Craig Wallace Is About To Break Out (Or Welcome To First Preview)
Ladies and Gentlemen: We are on the brink of witnessing something extraordinary. As we get ready to ring in the new season with tonight’s first preview of our 2016-17 opening show, Satchmo At The Waldorf, those of us who’ve been watching run-through after run-through – designers, director, creative staff – all believe we are about to behold a truly breakout performance (quite potentially, of course, with an added "Lord willin’ and the crick don’t rise," as a colleague used to wisely qualify) a career-defining turn; the role of a lifetime.
You’ve heard the phrases before, of course, from people in the press; it’s critics who generally opine as to when an actor matriculates from one stage of stature to a new lumen of limelight. Contributing artists and surrounding staff generally acknowledge, this early on, that there’s still work to be done; that it’s just a first preview we're approaching; that there will be moments to tweak; technical adjustments to make during the day before additional previews at night reveal yet another aspect to refine; that’s what notes are for, after all. And then we'll officially "open" on Monday the 29th. So artists and artistic leaders usually hold their tongue, or temper their pronouncements to the public.
But I am compelled to share aloud what many of us close to our star have been saying for the past weeks: that we are witnessing something special. One of Washington’s most dependably powerful, stalwart Shakespearean and contemporary actors is about to transform his standing before our eyes. In giving us a portrait of legendary jazz musician Louis Armstrong as you’ve never seen this legend before, so too are we about to see a side of actor Craig Wallace that we’ve never had a chance to witness. It’s his first solo show, we should note. And when you see someone you’ve grown accustomed to admiring as part of a vast ensemble – if you’ve been attending classical theater at the Shakespeare or Folger Theatres over the past two decades, then you’ve probably seen Craig Wallace in one of 20 roles he’s taken on as one our city’s busiest classical actors – it's exhilarating that only now is there a chance to appreciate what the spotlight is revealing about the artist all alone. Or maybe you've recently caught Craig in two different Pulitzer Prize winning history plays over the past season at Arena Stage or Round House (All the Way and When Father Comes Home From the Wars...), or his leading roles in intimate race dramas at Fords Theatre or Woolly Mammoth before then. Craig Wallace has never had a role like Louis, and we’ve never seen this model theater citizen quite so unleashed, in his full charismatic element. Shall I leave it at that? Not belabor the excitement and anticipation?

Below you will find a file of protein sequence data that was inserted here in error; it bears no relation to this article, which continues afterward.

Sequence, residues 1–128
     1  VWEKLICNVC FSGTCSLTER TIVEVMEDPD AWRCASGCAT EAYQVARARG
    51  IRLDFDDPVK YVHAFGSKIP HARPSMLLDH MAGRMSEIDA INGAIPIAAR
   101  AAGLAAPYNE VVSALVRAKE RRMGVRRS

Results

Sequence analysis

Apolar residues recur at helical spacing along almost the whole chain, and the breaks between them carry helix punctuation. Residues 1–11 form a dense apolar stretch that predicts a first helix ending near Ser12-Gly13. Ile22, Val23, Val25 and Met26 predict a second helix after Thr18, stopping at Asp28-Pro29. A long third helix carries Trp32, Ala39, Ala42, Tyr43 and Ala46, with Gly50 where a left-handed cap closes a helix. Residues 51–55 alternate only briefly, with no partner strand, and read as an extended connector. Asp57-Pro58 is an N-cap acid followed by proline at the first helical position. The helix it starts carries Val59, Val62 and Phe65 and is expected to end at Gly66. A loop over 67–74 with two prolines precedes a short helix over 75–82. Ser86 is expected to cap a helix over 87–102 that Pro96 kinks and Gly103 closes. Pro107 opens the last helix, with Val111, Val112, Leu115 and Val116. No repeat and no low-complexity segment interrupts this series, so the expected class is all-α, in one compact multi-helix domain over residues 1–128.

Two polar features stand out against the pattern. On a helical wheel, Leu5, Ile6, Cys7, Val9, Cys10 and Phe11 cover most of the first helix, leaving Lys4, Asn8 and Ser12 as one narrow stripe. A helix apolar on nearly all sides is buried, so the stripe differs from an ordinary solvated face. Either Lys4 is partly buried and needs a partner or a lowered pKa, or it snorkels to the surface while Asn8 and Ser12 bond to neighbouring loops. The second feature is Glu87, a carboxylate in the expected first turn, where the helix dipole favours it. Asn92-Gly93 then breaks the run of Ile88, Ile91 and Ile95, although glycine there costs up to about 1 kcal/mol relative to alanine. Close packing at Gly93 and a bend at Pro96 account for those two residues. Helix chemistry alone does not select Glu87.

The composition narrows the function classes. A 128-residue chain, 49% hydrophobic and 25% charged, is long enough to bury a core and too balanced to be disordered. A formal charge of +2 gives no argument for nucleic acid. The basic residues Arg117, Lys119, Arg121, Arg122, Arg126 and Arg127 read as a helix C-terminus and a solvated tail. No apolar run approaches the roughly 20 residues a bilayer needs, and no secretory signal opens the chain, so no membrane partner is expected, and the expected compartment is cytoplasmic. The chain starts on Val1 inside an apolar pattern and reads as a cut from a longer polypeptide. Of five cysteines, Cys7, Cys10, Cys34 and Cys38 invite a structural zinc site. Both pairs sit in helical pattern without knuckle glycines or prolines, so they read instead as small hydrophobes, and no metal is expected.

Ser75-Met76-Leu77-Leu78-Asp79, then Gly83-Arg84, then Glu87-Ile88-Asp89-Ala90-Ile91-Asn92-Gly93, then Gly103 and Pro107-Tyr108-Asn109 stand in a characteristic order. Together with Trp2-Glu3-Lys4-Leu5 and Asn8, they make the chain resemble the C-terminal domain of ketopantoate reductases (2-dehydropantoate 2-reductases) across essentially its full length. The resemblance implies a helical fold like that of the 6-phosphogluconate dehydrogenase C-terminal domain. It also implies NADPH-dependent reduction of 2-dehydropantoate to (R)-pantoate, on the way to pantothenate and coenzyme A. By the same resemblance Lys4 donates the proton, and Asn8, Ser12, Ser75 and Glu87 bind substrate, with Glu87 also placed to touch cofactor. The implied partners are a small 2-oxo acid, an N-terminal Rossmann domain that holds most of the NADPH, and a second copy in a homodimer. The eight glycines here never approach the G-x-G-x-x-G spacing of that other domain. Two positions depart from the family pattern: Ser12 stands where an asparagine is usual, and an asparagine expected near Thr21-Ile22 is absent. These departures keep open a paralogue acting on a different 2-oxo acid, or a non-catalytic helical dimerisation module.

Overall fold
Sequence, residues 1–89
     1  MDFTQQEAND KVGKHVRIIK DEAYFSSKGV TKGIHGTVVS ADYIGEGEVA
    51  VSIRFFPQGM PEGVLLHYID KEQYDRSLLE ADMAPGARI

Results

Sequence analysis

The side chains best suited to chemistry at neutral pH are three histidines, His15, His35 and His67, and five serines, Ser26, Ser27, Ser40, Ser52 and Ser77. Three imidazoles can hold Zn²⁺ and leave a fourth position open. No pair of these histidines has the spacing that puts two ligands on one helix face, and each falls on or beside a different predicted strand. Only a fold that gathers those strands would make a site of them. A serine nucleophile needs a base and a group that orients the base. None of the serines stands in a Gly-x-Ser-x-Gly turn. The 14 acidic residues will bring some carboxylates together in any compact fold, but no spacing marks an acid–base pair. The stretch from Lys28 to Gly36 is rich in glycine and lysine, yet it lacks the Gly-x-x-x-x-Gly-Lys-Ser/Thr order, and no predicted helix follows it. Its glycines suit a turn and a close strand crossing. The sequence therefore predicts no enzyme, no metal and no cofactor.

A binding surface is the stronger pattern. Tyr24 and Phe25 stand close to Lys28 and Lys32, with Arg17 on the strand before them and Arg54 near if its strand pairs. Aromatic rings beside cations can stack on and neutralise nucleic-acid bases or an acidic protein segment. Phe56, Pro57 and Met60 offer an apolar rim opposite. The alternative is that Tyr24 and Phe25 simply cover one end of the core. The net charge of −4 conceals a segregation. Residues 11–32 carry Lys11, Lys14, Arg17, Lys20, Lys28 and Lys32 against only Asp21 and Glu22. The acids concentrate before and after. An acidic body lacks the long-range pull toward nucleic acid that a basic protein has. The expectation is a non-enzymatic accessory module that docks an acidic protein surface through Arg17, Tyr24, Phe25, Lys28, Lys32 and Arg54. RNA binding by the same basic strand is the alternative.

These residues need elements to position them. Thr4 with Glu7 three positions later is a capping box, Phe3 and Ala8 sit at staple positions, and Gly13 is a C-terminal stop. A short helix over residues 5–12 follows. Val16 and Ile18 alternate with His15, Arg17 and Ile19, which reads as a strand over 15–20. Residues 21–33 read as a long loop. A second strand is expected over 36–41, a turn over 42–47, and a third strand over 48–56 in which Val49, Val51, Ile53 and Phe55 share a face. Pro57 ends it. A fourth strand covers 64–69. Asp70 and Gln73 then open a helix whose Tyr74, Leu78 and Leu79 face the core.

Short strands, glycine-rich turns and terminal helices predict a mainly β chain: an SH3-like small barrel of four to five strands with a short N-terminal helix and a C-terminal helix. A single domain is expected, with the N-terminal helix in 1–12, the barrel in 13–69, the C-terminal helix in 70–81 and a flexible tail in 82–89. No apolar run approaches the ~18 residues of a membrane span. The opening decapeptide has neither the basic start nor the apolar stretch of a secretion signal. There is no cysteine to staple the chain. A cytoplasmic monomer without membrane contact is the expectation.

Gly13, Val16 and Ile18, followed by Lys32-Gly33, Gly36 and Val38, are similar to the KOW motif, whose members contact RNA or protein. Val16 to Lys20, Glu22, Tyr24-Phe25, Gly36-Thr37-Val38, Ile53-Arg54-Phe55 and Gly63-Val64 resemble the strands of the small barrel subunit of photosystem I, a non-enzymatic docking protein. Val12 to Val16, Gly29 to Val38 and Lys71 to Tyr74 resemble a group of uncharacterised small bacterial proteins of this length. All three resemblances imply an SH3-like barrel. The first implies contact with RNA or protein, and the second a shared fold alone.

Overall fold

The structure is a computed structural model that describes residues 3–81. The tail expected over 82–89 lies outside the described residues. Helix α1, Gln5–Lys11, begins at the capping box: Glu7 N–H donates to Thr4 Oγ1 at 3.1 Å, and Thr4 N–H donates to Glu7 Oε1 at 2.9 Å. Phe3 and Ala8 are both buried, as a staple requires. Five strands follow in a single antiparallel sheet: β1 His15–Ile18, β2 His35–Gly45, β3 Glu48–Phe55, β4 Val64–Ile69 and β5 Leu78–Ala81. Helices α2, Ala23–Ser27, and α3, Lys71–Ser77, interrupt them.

I’ve produced or presented a great many solo shows with bravura performanc-es over the years – Jim Brochu as Zero Mostel, Tovah Feldshuh as Golda Meier (both of whom won Helen Hayes Awards for Outstanding Performance) Josh Kornbluth, Sandra Bernhard, Jon Spelman, and just last season alone at Mosaic, we saw three Voices From a Changing Middle East solo performances that bowled audiences over; Aaron Davidman in Wrestling Jerusalem; Gassan Abbas in I Shall Not Hate,
and Leila Buck in Hkeelee. With Craig’s turn in Satchmo, we get to see our actor bring to life three different characters – each larger than life in their own right – and give us an indelible portrait and invaluable survey of an iconic artist’s life as he’s looking back, in his dressing room, after one of his final performances in his storied career.
We are going see to see sides of an actor – and the smiles of an actor – in a wholly new context, as he channels one of the most familiar and least understood celebrities of the 20th Century. Craig is tapping into the inner sources of joy and rage, mischief and inscrutability that comprise Louis Armstrong, finding in himself an almost identical twin, separated by several generations but linked by a common simpatico and one killer, deeply infectious grin. Craig has an Inner Armstrong that’s downright uncanny. Can you imagine a better suited actor to bring the great Satchmo to life?
The performance is made all the more majestic by its masterful range, as it captures not only our country’s greatest trumpeter, but the electric personalities of Armstrong’s mercurial, foul-tempered manager, Joe Glaser and the cool, beat, unapologetically combative, syncopated patois of Miles Davis. Three powerful portraits from one model theater citizen coming into his own with this extraordinary performance.
I can’t wait for you to see this show and take in the art of it. Stay to discuss the issues, of course – And we’ve got over 20 opportunities for free discussions with jazz scholars, and sociologically-steeped observers on the plight of the African American artist in our society, and the fractious alliance between African Americans and American Jews – But the real pleasure in Satchmo is watching an actor nail his moment; getting his shot to propel his artistry to a next level and not giving away the moment, but seizing it; taking his place center stage in our city filled with amazing talent.
Craig Wallace is about to emerge as just a little bit more amazing than we ever knew. So don’t miss it; or him. You’ll be glad to have seen two legendary performances; Armstrong and Wallace, now joined at the hip creatively, symbiotically, in an unforgettable portrayal.
Happy Season Two To All!